Image: © mohamed hassan via Pxhere

China’s rating people on how ‘good’ a citizen they are

Chinese cities are piloting social credit schemes where people are rated from ‘model citizen’ to ‘untrustworthy’ and get associated rewards and restrictions.

If you’ve ever taken an Uber or reviewed a restaurant on TripAdvisor, you’ll already be familiar with how virtual ratings can have real-life consequences. Uber fires drivers with multiple bad ratings. Customers shun eateries with below-average scores. This could be seen as a good thing - saving us dangerous drivers and inedible entrees. But critics point out that ratings can be biased or unfair, and destroy people’s livelihoods.

Now China is taking things a step further. It’s experimenting with rating people on how ‘good’ a human being they are. You move up the scale by doing things like being a hardworking employee and donating blood. You move down when you default on loans or commit crimes.

Top-rated citizens get rewards like discounts on public transport and healthcare. The punishments for lowly-rated people haven’t been fully defined (or disclosed) yet. But China has suggested a good model could be its current ‘blacklist’ system for people who fall foul of its courts. Blacklisted people are banned from working certain jobs, buying train tickets and staying in nice hotels.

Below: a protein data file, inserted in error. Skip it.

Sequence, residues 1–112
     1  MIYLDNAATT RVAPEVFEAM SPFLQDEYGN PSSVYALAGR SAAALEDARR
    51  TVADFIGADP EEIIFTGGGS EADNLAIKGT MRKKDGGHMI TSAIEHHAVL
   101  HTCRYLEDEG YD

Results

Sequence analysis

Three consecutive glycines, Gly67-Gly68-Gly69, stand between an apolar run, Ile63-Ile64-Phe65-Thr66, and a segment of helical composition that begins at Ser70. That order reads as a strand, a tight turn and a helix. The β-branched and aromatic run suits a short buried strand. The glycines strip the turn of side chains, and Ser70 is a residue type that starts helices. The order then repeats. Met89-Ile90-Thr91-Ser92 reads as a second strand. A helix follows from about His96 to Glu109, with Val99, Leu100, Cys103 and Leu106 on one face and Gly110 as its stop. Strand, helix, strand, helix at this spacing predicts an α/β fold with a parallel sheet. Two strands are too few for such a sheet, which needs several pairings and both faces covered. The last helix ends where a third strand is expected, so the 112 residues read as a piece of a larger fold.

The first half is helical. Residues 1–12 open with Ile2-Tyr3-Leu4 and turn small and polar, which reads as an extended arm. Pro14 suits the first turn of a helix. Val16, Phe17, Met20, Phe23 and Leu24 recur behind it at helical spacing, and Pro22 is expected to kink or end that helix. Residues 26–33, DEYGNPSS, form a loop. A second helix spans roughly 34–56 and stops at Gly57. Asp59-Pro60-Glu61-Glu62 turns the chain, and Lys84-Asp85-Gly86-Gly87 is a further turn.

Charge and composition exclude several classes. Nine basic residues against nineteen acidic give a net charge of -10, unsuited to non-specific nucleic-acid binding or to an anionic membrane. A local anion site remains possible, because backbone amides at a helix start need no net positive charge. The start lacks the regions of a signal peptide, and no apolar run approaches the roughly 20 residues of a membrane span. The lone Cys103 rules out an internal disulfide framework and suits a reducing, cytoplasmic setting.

Some people might say that such a system is good for the economy because it encourages behaviours that strengthen society. And they might think it's fair to allocate economic resources like heathcare by societal contribution. (It's fairer, perhaps, than allocating them by wealth, which is the current default in many countries).

But many others will find this sort of system invasive and unfair. A lot of human rights activists are uncomfortable with treating some people as better than others, especially based on arbitrary value judgments.

Of course, it could be argued that societies already make arbitrary value judgments about people's worth, so at least China's system brings visibility to the social capital exchanges that we’re already making. Perhaps it'll even make our economy more transparent.

Read our explainer on: the role of governments.

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